Hypnotic is the word for our African painted dogs. Like a mesmerising abstract artwork, we bet you find it's impossible to look away until you've fully taken in the dazzling dappled patterns of their gorgeous coats.

You'll also be entranced by their large rounded ears which can pick up the calls of other dogs in the far distance. They use their ears to communicate, moving them in different directions to signal to other dogs which way to go or what to do.

In southern and east African countries, researchers have kept track of individual dogs by noting down their coat pattern. In some cases, with dogs they have caught and released back into the wild, they also use microchips to keep tabs on animals.

This is extremely important because African painted dogs, also known as cape hunting dogs, are an Endangered species. There are only about 3,000 left in a handful of countries compared to 500,000 across 39 nations at the beginning of last century.

We support conservation efforts at Mkomazi Game Reserve in Tanzania on the border with Kenya, where these dogs are now closely monitored and protected. By visiting the zoo or becoming a member, you help us to continue with that support.

Just so you know... our painted dogs have now moved to a new home and we will soon be bringing in a new pack as part of a breeding programme.

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Interesting facts

Where they live Mainly southern Africa but also found throughout sub-Saharan Africa.
Habitat Grassy plains, savannah woodland and semi desert areas.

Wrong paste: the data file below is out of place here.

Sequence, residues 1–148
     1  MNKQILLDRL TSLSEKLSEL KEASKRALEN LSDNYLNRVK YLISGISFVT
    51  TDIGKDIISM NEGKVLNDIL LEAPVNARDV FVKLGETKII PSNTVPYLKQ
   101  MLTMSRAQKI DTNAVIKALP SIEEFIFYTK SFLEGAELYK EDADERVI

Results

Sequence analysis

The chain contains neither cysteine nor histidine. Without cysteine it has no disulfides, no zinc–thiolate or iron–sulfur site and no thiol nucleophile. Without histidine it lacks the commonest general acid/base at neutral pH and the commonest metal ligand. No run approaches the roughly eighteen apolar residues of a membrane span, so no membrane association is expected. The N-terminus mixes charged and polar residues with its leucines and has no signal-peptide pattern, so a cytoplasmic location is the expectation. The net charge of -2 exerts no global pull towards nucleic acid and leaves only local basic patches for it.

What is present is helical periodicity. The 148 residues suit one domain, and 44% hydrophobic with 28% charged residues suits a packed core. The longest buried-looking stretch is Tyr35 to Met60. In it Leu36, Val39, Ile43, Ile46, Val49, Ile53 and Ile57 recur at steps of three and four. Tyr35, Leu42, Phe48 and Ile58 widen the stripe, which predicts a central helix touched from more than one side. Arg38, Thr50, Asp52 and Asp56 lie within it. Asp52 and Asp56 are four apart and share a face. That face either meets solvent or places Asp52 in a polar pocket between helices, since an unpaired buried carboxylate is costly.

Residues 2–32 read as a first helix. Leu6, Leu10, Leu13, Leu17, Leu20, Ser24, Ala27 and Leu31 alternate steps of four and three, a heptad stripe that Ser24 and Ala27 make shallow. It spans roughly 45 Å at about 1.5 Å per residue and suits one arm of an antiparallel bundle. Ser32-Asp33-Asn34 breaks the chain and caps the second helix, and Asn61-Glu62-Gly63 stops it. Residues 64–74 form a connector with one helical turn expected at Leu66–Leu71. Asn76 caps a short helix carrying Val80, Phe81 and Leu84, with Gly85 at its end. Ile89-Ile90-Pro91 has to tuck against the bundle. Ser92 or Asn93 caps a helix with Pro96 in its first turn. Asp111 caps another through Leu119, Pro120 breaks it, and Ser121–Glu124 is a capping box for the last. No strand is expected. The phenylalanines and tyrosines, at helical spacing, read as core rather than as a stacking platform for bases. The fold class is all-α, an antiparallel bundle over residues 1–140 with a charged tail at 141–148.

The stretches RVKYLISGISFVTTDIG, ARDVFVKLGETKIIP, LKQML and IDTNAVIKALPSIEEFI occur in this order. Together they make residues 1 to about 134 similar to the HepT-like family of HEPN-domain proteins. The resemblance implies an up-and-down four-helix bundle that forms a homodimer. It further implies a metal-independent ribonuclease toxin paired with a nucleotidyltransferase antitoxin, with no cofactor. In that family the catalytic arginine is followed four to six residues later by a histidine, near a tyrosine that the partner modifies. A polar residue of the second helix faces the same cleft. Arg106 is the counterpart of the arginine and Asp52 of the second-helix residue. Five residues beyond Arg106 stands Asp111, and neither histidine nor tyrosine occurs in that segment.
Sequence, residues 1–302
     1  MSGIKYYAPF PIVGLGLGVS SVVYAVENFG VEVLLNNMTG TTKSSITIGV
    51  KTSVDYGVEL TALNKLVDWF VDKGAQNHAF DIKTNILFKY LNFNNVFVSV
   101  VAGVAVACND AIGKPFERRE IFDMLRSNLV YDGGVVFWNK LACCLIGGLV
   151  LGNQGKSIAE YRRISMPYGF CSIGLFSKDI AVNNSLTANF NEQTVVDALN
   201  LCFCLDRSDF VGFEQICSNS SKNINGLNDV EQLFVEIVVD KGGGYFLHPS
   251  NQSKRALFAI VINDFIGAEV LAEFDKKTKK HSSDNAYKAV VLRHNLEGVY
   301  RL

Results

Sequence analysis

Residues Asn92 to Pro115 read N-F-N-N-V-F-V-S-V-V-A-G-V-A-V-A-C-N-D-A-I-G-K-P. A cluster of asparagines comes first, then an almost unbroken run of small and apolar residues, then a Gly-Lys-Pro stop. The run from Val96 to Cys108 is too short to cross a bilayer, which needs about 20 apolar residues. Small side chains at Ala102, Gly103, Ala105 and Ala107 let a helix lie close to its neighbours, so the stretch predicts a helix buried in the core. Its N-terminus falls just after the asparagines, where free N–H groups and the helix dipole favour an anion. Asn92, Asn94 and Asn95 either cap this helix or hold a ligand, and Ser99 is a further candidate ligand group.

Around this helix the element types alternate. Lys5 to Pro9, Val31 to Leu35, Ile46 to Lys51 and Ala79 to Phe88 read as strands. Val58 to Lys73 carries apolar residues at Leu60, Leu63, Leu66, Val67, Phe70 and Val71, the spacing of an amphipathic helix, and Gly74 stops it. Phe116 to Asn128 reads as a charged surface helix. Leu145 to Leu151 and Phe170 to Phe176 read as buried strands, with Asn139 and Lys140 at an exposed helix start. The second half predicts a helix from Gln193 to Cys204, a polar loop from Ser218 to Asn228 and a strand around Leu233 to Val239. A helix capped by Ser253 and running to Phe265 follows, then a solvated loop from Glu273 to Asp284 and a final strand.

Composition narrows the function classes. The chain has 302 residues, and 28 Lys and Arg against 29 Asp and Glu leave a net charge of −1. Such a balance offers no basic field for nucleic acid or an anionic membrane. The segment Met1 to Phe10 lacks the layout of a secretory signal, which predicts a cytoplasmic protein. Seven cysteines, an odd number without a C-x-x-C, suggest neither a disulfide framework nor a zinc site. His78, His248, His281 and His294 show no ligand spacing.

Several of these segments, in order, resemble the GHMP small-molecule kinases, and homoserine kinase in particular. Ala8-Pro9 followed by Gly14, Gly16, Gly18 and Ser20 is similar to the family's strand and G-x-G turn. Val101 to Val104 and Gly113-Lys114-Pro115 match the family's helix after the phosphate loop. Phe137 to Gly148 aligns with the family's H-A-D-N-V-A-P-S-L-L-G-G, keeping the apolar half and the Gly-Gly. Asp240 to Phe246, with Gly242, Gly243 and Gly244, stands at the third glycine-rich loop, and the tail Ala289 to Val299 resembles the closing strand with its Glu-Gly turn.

Size 75cm shoulder height
Weight up to 35kg
Threats Habitat destruction; conflict with humans which leads to active persecution of animals; infectious diseases from domestic dogs eg. canine distemper.

Species Information

Scientific name Lycaon pictus
Order Carnivora
Family Canidae
Genus Lycaon
IUCN status Endangered
Roles in the zoo

Research (ex situ): This species is part of applied research that leads to evidence-based decisions regarding in-zoo management.

In situ Conservation Ambassador

Species conservation: This is a species for which we have a significant focus on in the wild, as part of our conservation projects and programmes around the world.


Interdependence: This species helps demonstrate that all living things, including humans, live in ecosystems and depend on other living things for their survival.

Human Impact: This species helps demonstrate that human activities are causing serious environmental damage.

Partnerships: This species helps demonstrate that we work in partnerships with other organisations to conserve nature and natural resources.

Chester Zoo: This species helps demonstrate that as a charity Chester Zoo’s mission is to be a major force in conserving biodiversity worldwide.

Visitor experience

Exhibit Enhancement: This species connects visitors with the geographic areas that they originate from and helps develop further understanding of the environmental issues facing the species in those regions.